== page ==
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  • Graham Hutchings

The learning theories which drive Serious Games

Most learning curriculums and learning designs are still based on Benjamin

Bloom’s (1956) taxonomy, which classifies learning objectives into a hierarchy.

Bloom's theory posits that learning focused on the higher parts of the hierarchy

should result in deeper knowledge – assuming the levels beneath have been

completed.


"Game-based learning can help bring real-world experiences and practices to life and make the content more engaging and relatable to the learners."

Rachel Washington, Senior Manager at PWC 2021



Recognising that the learning process works differently for different learners,

topics and contexts, adaptive and agile learning principles have rightly

challenged the fixed and hierarchical nature of the model. Nevertheless, Bloom's

central arguments remain valid (Berger, 2018). The critical challenge most

corporate learning programs face is in the “applying” phase of the model: much

training remains dry and theoretical, never attaining the highest categories of

learning –analysing, evaluating, and creating.


PBS' experiential learning – or

“learn by doing” – methodology is

underpinned by David Kolb’s

(1984) experiential learning cycle,

which is linked to the most

common theories of how people

gain knowledge, especially

behaviourism. An effective

learning experience built on this

framework will ensure that all

categories of Bloom’s taxonomy

are covered.



Essentially, learning happens when the learner experiences something, gets

feedback on it through observed results or reflection, learns from it and

experiences it again – this time practising different behaviours to achieve

different (hopefully improved!) outcomes. In this sense, learning also happens

through “reflecting on doing.”


Anyone who has observed a toddler learning to walk, or a lion cub practising its hunting skills, will recall the "try, fail, try, fail, try, succeed" sequence that is the essence of Kolb’s experiential learning cycle (Forman, 1985).


Of course, the notion of experimentation and failure clashes with the risk-averse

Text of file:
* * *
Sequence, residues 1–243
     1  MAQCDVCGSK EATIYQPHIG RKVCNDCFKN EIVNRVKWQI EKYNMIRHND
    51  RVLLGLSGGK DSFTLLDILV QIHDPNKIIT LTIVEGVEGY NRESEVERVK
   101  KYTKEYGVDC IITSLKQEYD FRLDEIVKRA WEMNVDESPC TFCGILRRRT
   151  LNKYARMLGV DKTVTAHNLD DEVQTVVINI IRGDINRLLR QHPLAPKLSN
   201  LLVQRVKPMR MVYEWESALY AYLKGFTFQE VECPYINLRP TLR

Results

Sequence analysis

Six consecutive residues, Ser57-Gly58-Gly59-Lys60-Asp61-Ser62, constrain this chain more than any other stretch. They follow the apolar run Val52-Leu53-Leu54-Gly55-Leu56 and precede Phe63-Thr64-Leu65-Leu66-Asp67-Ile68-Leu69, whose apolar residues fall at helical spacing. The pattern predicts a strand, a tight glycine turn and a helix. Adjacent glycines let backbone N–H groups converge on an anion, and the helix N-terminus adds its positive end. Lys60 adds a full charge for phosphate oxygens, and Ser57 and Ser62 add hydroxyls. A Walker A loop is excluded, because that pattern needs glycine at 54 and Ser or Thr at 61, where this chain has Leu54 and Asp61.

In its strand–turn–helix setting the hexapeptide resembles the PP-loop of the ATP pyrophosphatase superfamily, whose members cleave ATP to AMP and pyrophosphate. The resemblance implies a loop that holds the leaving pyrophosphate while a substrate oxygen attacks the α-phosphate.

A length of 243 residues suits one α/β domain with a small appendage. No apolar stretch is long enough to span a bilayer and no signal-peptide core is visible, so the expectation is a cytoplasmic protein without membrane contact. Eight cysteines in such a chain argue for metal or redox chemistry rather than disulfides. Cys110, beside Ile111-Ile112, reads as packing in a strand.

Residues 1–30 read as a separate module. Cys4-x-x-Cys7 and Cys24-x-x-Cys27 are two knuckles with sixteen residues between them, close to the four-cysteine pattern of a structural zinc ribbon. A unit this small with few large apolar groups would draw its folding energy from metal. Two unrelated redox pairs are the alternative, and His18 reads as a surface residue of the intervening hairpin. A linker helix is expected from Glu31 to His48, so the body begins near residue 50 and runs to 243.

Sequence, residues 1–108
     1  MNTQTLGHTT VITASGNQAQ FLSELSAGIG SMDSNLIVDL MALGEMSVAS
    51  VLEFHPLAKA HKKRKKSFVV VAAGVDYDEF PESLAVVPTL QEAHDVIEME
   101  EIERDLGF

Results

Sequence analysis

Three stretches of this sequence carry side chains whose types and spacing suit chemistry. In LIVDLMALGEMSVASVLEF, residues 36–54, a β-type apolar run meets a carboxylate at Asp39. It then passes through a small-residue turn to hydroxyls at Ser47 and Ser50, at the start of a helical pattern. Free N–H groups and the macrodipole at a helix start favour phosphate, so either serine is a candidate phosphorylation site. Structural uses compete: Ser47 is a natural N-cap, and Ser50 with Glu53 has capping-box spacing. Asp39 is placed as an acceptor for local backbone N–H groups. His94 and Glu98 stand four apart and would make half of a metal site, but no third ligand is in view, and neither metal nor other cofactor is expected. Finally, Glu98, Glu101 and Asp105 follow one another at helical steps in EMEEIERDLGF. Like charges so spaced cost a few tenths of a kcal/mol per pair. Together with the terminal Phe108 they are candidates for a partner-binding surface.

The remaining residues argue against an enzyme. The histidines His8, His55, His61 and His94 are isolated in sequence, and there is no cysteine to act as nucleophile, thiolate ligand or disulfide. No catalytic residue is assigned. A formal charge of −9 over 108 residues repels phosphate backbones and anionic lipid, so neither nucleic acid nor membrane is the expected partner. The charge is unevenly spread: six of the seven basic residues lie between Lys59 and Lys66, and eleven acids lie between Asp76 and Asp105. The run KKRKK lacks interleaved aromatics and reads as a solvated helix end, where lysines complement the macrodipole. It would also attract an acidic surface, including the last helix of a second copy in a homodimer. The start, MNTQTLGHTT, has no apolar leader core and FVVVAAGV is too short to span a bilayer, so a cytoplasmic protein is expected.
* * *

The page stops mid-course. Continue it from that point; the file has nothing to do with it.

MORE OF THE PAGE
nature of most organisations. The financial consequences of things going wrong,

and the absence of psychological safety in many workforces, makes

experimentation impractical. So, if we want to recreate this learning cycle

effectively, we have to accurately recreate the context that our learner is facing

in a safe and – ideally – fun way. This is one of PBS' specialties.


Central to both agile learning and PBS’ serious games is the power of social

learning. In a disconnected, disparate workforce, it is perhaps unsurprising that

participants regularly state the experience was impactful for this very reason.


For whilst “learning by doing” can be effective for learning solitary tasks, it must

be combined with social learning to match the reality of the complex challenges

faced by organisations – and to surface the multitude of capabilities and

perspectives of a group of people (Bandura, 1977). In this forum, critical thinking,

complex problem solving and innovation can thrive.


A flock of birds, the ultimate complex-yet-agile system, survives threats and

reaches its destination by moving in unison without any obvious leader or

structure. In the same way, a high performing team in a PBS serious game is one

which creates an inclusive environment for decision making, knowledge sharing

and self-aware reflection. This is social learning in action. This method promotes

21st-century theories of learning (connectivism) and of agile organisational

structure. If recreated by learners in their real jobs, this will lead to profound

competitive advantages for their companies (WGU, 2021; Laloux, 2014).


The solutions to complex challenges lie with the people on the front lines who

deal with customers, suppliers, and processes every day. The catalyst of a serious

game allows these solutions to be expressed, practised, optimised and shared in

a safe way. Just as this approach hands power from leadership to their teams, so

too should the role of the “sage on the stage” become increasingly redundant

when addressing complex topics. Learners should discover rather than be told as

there are rarely any standardised right answers.


In uniting experiential learning with social learning, PBS’ serious games create a

unique opportunity for learners to practise solving relevant problems, together, in

a safe but realistic way. They are then equipped to implement these solutions

when they get back to their real jobs.


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